But then, one day, the prince ran away from his palace and came to the next land. There, to his astonishment, from every coast he saw islands, and on these islands, strange and troubling creatures whom he dared not name. As he was searching for a boat, a man in full evening dress approached him along the shore. “Are those real islands” asked the young prince. “of course they are real islands, “said the man in full evening dress.” “And those strange and troubling creatures?” “They are all genuine and authentic princesses.” “then God must also exist!” cried the prince. “I am god.” Replied the man in evening dress, with a bow. The young prince returned home as quickly as he could. “So you are back,” said his father, the king. “I have seen islands, I have seen princess, I have seen god.” Said the prince reproachfully. The King was unmoved. “Neither real islands, nor real princesses, nor a real God exist.” “I saw them!” “Tell me how was God dressed.” “God was in full evening dress.” “Were the sleeves of his coat rolled back?” The prince remembered they had been. he king smiled. “That is the uniform of a magician. You have been deceived.”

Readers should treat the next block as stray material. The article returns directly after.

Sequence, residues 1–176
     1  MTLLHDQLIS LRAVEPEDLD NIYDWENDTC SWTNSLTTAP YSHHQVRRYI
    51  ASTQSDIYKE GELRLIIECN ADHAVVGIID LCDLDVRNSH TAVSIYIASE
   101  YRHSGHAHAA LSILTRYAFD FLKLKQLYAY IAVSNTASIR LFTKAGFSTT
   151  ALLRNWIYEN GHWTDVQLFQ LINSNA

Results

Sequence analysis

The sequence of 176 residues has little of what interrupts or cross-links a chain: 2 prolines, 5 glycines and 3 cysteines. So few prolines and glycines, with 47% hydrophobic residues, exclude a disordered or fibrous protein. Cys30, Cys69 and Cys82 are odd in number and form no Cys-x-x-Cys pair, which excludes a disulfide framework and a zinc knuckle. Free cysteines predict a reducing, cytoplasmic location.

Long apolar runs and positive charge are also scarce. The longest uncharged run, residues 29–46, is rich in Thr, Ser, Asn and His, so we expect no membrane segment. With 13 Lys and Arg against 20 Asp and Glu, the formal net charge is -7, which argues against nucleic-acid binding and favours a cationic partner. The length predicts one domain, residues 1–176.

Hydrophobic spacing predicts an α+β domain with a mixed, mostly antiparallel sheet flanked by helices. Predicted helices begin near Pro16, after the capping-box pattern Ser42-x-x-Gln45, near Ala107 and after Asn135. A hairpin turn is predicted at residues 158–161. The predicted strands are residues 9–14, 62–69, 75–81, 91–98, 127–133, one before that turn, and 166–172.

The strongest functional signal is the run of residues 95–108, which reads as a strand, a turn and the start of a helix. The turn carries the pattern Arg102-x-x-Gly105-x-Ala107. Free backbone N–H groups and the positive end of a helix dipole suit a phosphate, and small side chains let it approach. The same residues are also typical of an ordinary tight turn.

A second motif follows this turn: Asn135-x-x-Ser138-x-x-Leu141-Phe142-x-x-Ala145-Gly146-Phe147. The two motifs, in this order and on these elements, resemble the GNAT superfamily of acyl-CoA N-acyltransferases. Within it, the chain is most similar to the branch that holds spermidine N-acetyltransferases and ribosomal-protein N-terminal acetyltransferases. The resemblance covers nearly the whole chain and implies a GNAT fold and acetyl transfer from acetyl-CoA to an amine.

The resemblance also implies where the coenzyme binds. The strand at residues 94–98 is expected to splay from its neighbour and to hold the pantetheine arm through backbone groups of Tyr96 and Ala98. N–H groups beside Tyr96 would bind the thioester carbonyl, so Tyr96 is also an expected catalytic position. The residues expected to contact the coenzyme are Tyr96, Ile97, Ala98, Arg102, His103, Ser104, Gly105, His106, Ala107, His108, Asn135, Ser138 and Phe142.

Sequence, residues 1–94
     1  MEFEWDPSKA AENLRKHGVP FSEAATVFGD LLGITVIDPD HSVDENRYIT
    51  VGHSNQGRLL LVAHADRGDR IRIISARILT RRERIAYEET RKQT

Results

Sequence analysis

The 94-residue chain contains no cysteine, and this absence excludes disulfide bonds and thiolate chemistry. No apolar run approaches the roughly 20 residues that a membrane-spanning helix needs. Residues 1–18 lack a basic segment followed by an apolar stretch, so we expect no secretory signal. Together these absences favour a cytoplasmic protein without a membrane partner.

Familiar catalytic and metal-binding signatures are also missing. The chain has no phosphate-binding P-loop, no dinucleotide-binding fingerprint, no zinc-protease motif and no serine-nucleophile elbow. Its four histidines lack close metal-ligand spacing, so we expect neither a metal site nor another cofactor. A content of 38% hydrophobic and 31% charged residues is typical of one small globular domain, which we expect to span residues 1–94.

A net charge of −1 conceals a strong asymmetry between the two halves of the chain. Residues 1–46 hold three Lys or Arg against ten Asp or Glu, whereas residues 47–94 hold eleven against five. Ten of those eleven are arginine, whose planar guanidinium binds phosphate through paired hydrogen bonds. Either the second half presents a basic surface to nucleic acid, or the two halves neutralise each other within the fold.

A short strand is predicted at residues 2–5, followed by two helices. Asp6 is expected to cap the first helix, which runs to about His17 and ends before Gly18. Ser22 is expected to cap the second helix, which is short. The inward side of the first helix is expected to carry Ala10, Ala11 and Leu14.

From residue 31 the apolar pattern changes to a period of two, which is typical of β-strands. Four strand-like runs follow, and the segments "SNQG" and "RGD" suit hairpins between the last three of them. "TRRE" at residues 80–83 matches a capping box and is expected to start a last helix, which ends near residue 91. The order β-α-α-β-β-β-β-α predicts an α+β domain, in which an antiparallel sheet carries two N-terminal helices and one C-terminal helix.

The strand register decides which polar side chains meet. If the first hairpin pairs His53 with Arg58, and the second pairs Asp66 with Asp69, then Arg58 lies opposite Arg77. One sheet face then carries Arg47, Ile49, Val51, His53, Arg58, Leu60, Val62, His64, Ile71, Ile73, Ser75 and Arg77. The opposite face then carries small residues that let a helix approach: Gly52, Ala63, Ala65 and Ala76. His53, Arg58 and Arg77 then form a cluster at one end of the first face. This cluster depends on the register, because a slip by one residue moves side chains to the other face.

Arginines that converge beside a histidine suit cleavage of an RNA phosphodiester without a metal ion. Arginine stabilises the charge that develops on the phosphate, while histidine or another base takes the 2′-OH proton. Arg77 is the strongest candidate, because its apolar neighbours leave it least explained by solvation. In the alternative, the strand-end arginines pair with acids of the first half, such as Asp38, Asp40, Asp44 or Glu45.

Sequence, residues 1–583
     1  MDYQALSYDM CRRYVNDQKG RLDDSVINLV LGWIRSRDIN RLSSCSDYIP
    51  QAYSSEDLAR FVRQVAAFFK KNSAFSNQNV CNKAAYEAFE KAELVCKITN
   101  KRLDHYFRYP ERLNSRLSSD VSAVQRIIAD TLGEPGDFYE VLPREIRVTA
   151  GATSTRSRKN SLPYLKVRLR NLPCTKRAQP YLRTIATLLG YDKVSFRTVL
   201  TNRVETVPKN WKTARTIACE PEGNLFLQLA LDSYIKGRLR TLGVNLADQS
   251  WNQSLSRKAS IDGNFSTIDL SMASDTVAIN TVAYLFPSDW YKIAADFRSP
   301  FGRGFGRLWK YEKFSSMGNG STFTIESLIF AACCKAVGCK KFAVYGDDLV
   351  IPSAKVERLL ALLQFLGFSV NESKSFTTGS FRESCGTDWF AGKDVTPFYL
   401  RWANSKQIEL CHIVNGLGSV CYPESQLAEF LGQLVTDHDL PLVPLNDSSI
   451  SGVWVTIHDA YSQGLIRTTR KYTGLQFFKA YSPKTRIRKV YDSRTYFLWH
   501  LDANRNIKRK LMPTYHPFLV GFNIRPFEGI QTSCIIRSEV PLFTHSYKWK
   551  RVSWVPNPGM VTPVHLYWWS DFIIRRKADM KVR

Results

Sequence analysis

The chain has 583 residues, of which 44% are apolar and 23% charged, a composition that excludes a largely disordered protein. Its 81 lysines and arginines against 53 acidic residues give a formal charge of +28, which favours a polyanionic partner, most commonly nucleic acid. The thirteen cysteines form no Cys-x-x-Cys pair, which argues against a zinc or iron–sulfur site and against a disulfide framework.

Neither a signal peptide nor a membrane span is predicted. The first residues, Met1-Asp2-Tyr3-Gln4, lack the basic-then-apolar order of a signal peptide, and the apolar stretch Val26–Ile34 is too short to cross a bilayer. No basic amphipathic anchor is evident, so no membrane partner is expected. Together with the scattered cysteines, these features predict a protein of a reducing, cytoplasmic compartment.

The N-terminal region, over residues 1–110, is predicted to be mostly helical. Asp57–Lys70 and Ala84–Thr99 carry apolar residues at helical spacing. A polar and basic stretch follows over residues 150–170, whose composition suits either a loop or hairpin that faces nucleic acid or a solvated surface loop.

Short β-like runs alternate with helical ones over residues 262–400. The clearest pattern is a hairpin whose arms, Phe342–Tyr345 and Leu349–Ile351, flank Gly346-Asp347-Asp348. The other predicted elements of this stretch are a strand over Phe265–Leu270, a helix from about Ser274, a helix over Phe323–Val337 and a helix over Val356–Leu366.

At this the prince returned to the same land the next day and went to the same shore, where once again he came upon the man in full evening dress.

“My father, the king, has told me who you are,” said the prince indignantly. “You deceived me last time, but not again. Now I know that those are not real islands and real princesses, because you are a magician. The man on the shore smiled. “it is you who are deceived, my boy. In your father’s kingdom, there are many islands and many princesses. But you are under your father’s spell, so you cannot see them.” The prince pensively returned home. When he saw his father, he looked him in the eye. “Father, is it true that you are not a real king; but only a magician?” The king smiled and rolled back his sleeves. “Yes my son, I‘m only a magician.” “Then the man on the other shore was God?”

The man on the other shore was another magician.” “I must know the truth, the truth beyond magic.” There is no truth beyond magic,’ said the king.

The prince was full of sadness. He said, “I will kill myself.” The king by magic caused death to appear. Death stood in the door and beckoned to the prince. The prince shuddered. He remembered the beautiful but unreal islands and the unreal but beautiful princesses. “Very well,” he said, “I can bear it.”